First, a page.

Another Golden Day for China's Divers

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Adam Pretty / Getty Images

China's Lin Yue, right, and Huo Liang compete in Beijing's National Aquatics Center on August 11

When it comes to diving, the Chinese expect nothing less than perfection. On August 11, Chinese pair Lin Yue and Huo Liang triumphed in the men's synchronized 10m platform event, winning by a resounding 17.76 points. Silver went to the German squad, with the Russians — one of whom just recently recovered from a spinal injury — rounding out the medals count.

The Chinese led from the start. In the second of six dives, Lin and Huo racked up five perfect 10s in the synchronicity category. Impressive, but not quite as dominating as in the 2007 World Championships when the Chinese pair won gold by 22 points, an almost unheard of margin. The Chinese men's win came a day after their female compatriots, Guo Jingjing and Wu Minxia, nabbed gold in the synchronized 3m springboard event.

China's diving squad is used to ruling the board. Four years ago in Athens, the Chinese won six out of a possible eight diving golds, delivering more victories to their homeland than any other national squad. At this year's World Cup, the Chinese were even more commanding, capturing all but one of the eight golds on offer. (The sole miss came from the men's individual 10m platform event.)

But the domination has come at a price. In China's state-run sports system, coaches trawl the countryside looking for children with suitable physiques for every sport. Once kids enter elite athletic schools like these, they rarely see their parents and the extensive training often takes precedence over academics. Divers have to be recruited particularly early — sometimes as young as age six — before they develop a fear of heights and so that their bodies can be molded into the ultimate water-piercing missiles.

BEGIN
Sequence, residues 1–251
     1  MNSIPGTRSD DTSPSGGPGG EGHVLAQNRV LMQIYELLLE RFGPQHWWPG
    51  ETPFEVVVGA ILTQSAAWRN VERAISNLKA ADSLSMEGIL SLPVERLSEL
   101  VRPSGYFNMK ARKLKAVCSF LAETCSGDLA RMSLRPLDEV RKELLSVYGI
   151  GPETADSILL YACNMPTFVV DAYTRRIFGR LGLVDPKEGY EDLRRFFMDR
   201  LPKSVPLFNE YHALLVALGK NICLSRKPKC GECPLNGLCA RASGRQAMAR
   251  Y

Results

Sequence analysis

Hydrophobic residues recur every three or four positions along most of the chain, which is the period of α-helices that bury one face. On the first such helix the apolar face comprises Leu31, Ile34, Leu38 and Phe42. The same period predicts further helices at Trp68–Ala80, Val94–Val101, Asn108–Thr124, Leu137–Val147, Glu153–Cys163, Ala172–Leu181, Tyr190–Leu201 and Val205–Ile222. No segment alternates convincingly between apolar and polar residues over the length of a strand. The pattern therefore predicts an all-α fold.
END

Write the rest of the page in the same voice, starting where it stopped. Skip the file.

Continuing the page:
That early cultivation has ensured diving supremacy for the People's Republic. But the impact of thousands upon thousands of dives has left many Chinese divers with permanent eye injuries. After detaching a retina, Hu Jia, a Chinese gold medalist in Athens, told the Chinese press that he would nonetheless dedicate himself to striking gold in Beijing "unless my eyes are really blind." He ended up missing the 2008 Olympic squad because of injury.

Once divers enter the Chinese sports system, any perceived wavering in dedication to the sport can elicit heavy punishment. After winning gold in Athens, divers Guo Jingjing (who won a gold on August 10) and Tian Liang were publicly chastised for devoting time to commercial activities without prior approval from sports bureaucrats. Tian did not apologize for his alleged infraction. He was summarily expelled from the national team. Guo, however, made a tearful public mea culpa, saying, "I belong to the country."

China has rewarded Guo for her loyalty. The comely diver is China's most celebrated female Olympian, and that has translated into more, officially approved lucrative advertising contracts. (The Chinese state sports system makes sure to keep a chunk of her endorsement revenue.) On August 17th, Guo will defend her second Olympic gold, this time in the individual 3m springboard event.

For the victorious male pair on August 11, Huo and Lin, this is their first Olympics. But given the adulation with which Chinese fans shower the country's divers, there's little question that they, too, will soon be splashed across thousands of billboards.